F. Scott Fitzgerald: "It is in the thirties that we want friends. In the forties we know they won't save us any more than love did." Perhaps F. knew what it is like, when the inner world speeds up while the clock on the wall slows down. When the hours become mud, and tremors pass through the body. That bomb in us which only loved ones can detonate. Whether in romance or friendship, how do we live with betrayal?
Trust holds us together. It creates that unity which is togetherness. Family, friends, community. It also enables that unity which is a self, for we hold one another in being. "no man is an island." The love we have for each other is the ultimate glue that holds each person together. When trust is broken deeply, the cracks move in many directions. When it is profound we can lose our grip, not only on each other, but on ourselves. For trust is the earth beneath our feet. Betrayal is so terrible because it undermines our sense of reality.
What fills the void where confidence in truth previously stood? Often it is anger. Anger of a sort that can burn us up. Anger that is grown from various reasons. One is the unstated hope that somehow might undo the past and right the balance. That we might pay the other in turn, as though that would fill the void. But this is a fantasy we cannot achieve. In life we are too-often empty-handed; much that matters can be out of our control. Hence betrayal feels so much like fear.
When we are robbed in betrayal we can feel empty-handed and faced with emptiness. But if we can face that we may perform a miracle: the creation of something out of nothing. To build and create, precisely where the other has made a nothing.
Betrayal is in part the denial of value. The only truly effective and good response to the denial of value is the affirmation of value. And that is a creative act, an act of building, which involves looking at your life in its various affected dimensions. Making sense of what happened in ways that are truthful, just, healing and good. Practising geometry: the art of proportion and placement, of giving things their proper names, recognising what has been done, and balancing the juxtaposing truths and contradictions. It requires connecting with others who are loving and faithful in your life. And connecting with what gives deep value to your life: the sources of beauty, love, friendship, truth. And just as importantly, connecting with yourself. Building yourself as the valuable person you always were and can further reveal.
Betrayal is the denial of our individual value. When that bomb goes off - the news, the revelation - it can seem to wipe away our value. We need to find value once again, within ourselves and within our life and world. This is the essence of healing from betrayal.
How can somebody that you loved and trusted and shared so much with, betray you? People can close their eyes to what matters in order to allow themselves to fulfil their desires. The more wrong the desire, the more they close their eyes. After that initial choice, everything else follows according to a kind of psychological mechanics, insofar as they do not open their eyes again. Such people become like tiles blown off a roof, and their responsibility lies merely in the initial consent to become a tile. We suffer throughout life from this consent of others to become obedient to their desires no matter where that leads and what it violates. And others suffer from us making tiles of ourselves. Through this choice some people betray others in appalling and callous ways. Some will afterwards struggle with conscience, while others will wrap themselves in self-righteous narratives, in narcissistic madness. Some will suffer later due to their flawed character, while others will appear to flourish. For on the one hand life is not directed by justice but by blind, natural laws, whether biological, psychological, or social, but consistent with this, violation takes its toll on every wrongdoer, even if the effects are often masked, so there are fruits of character, but while they are real they are unperceived in their connections. People who treat others badly have poor inner lives, not only as a cause but also as a consequence. It is through paying attention that we see reality at the ethical level - at the level of love. This is why during the trials in Jerusalem of Nazi murderers, Hannah Arendt was struck by "the banality of evil." It is banal because it is blind. The creation or discovery of value is lucid. It is the opening of eyes. And for all the pain this may invite, it is worth it. It is to live life in color. It is to be a force for good in the world. It is to have the potential for something wonderful in the future. To create a wonderful future.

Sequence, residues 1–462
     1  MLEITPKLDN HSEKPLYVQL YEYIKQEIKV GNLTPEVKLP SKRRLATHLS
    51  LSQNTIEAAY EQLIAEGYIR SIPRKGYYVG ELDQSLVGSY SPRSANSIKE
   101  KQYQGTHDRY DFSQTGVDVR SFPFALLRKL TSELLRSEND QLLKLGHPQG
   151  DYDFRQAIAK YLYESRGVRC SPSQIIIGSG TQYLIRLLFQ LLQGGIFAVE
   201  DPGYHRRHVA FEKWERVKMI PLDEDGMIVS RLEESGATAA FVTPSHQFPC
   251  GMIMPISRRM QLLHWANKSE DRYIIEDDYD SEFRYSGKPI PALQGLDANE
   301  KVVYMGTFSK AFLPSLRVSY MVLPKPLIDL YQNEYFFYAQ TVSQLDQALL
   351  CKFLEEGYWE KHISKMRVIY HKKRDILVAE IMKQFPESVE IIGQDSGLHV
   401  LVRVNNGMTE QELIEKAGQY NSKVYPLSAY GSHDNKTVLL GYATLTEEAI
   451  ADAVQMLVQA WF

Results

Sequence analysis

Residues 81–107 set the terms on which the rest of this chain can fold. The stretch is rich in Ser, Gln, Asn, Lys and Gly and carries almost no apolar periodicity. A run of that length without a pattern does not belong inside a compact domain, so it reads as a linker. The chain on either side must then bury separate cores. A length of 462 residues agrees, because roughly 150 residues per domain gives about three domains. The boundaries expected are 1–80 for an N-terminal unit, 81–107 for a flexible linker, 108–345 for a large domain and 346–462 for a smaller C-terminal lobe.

I have seen people, initially crushed by betrayal, rise and flourish incredibly. They have become people they never would have been otherwise. Some of their deep, old struggles, which shadowed their inner lived, have been burned away in the fire and pain of their deep trial. But this requires choice. There is a heroism in it. And a profound spirituality - an orientation of love and hope and turns toward life. It is also often a joyful rediscovery of one’s self, and the potential of the self - the deep sources of strength and possibility within oneself. Sometimes it is when your value is terribly denied that you discover it anew.